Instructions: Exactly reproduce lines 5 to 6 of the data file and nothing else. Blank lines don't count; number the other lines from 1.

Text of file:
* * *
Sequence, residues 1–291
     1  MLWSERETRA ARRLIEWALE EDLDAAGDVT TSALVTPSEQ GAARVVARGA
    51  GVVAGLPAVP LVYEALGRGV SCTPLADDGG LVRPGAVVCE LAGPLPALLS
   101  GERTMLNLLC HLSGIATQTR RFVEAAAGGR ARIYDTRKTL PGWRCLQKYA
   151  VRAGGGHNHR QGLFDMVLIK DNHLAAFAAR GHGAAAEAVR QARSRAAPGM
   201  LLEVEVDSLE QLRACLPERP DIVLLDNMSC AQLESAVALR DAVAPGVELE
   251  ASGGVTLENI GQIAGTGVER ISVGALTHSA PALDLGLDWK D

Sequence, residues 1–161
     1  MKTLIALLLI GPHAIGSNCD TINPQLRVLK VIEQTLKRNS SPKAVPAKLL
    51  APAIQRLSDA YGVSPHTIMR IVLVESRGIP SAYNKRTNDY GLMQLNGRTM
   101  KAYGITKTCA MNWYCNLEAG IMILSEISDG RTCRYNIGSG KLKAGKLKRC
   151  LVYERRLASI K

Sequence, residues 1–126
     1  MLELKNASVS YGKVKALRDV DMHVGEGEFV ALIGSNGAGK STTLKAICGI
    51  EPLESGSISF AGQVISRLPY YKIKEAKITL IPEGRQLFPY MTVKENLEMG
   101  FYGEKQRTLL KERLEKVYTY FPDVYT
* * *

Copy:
   151  VRAGGGHNHR QGLFDMVLIK DNHLAAFAAR GHGAAAEAVR QARSRAAPGM
   201  LLEVEVDSLE QLRACLPERP DIVLLDNMSC AQLESAVALR DAVAPGVELE